Central’s Fitness Classes Face Hurdles with Distance Learning

FITNESS CLASSES FACE CHALLENGES WITH MIXED LEARNING -- Former seniors Hunter Jones and Chris Kouris compete in their classs badminton tournament. File photo from 2020.

Karleigh Schwarzl

FITNESS CLASSES FACE CHALLENGES WITH MIXED LEARNING — Former seniors Hunter Jones and Chris Kouris compete in their class’s badminton tournament. File photo from 2020.

Bailey Moore, Staff Writer

As most would expect, the fitness classes at Central are having to adapt to the changes of having to do school at home. Here is a look on some fitness coaches perspectives.

Coach Gary Bloodsaw, who instructs weight training and physical education (P.E.), shared that his students that are learning from home are doing a great job of adapting to the situation. Both of Bloodsaw’s classes are doing personal fitness training and anatomy training.

“Nearly all the students are doing a great job, and I can see development occurring,” Bloodsaw said about his virtual students.

Bloodsaw’s weight training students are not able to utilize the weight room on the days they are distance learning. Students at home only have their own bodies to use as weights, but some of his students are getting their own weights so they can start incorporating them into their routines.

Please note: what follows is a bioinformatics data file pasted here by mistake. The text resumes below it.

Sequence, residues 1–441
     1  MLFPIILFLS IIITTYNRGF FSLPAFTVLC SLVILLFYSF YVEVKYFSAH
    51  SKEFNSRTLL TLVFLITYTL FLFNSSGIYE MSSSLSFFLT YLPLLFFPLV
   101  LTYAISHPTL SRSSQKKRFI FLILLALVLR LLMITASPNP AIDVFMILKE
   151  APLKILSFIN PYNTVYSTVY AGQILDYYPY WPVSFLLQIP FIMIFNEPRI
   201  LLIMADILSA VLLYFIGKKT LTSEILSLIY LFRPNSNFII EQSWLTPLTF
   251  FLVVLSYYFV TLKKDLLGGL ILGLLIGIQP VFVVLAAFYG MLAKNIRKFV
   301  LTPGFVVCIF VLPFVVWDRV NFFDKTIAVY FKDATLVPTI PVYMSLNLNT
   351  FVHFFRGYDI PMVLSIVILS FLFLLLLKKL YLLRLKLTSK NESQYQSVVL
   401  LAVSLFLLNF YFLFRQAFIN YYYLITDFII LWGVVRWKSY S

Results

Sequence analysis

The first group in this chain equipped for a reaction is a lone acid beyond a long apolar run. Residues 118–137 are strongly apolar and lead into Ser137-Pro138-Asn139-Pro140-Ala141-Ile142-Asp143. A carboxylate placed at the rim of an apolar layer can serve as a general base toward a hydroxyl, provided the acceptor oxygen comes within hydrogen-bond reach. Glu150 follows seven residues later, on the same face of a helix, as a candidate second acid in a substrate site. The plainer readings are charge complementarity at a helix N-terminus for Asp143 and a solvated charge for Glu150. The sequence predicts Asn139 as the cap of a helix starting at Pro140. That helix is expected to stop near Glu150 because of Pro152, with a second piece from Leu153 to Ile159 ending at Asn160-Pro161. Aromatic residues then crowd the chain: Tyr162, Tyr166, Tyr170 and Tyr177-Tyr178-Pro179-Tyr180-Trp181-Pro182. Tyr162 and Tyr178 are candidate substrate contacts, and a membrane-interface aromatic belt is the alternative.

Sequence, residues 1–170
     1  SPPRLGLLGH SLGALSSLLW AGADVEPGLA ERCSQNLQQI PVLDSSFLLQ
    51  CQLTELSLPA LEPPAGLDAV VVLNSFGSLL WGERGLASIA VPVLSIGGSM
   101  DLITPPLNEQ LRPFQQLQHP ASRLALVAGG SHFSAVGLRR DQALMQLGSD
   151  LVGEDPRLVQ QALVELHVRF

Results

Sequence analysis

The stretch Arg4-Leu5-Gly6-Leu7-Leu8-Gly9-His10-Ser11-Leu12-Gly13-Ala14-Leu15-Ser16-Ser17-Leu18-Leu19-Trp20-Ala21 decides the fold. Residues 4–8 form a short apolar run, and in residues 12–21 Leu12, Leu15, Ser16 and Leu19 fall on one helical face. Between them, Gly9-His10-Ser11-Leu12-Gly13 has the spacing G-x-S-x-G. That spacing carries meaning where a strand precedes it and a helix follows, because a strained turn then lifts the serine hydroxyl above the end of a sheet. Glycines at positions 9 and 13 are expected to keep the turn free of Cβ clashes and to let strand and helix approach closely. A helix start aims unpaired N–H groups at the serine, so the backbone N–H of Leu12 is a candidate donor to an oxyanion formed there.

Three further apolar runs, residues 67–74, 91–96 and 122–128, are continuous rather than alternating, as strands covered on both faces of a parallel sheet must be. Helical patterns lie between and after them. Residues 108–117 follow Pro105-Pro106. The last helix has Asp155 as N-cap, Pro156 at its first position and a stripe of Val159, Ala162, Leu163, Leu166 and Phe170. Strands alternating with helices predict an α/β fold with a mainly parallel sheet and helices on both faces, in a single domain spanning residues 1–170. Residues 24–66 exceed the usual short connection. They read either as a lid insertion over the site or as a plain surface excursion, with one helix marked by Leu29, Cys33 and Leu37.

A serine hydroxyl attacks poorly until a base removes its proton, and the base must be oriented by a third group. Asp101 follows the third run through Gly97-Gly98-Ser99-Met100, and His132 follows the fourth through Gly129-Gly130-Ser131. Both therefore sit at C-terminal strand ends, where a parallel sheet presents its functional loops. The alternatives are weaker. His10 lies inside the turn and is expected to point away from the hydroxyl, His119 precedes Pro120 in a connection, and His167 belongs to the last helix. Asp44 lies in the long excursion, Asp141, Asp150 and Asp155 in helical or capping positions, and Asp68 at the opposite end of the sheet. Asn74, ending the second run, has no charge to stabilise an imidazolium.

Virtual P.E. students cannot join their in-person peers in team-based athletic games, but if they have any sport equipment at home, they can work on improving individual skills.

Coach Bloodsaw believes that virtual fitness class could be either easier or more difficult for students. However, he noted that having students all in one place and having the ability to directly interact with them improves the class overall.

Coach LeeAnn Shurette is another athletic instructor at Central. For her classes, she utilizes applications to help her students remain active; FitOn has become a favorite among Shurette’s students. The workouts do not require any equipment and do not require much space. She will have her virtual students start a specific workout together and follow along with the personal trainer.

“I’m thankful we are still able to be active. I think being on Zoom has had a negative effect on all of us both physically and mentally so, our main focus is moving our bodies in P.E., weight training, and wellness,” Shurette shared when asked her opinion on school being virtual.

Shurette shares Bloodsaw’s opinion that being completely online does not necessarily make it as difficult as when students are split between campus and home. She shared that virtual school was out of her comfort zone and has been a learning experience for her.

The difficulties of this ‘new normal’ have not negatively impacted Bloodsaw’s and Shurette’s students. They are working hard each day, whether they are on campus or at home.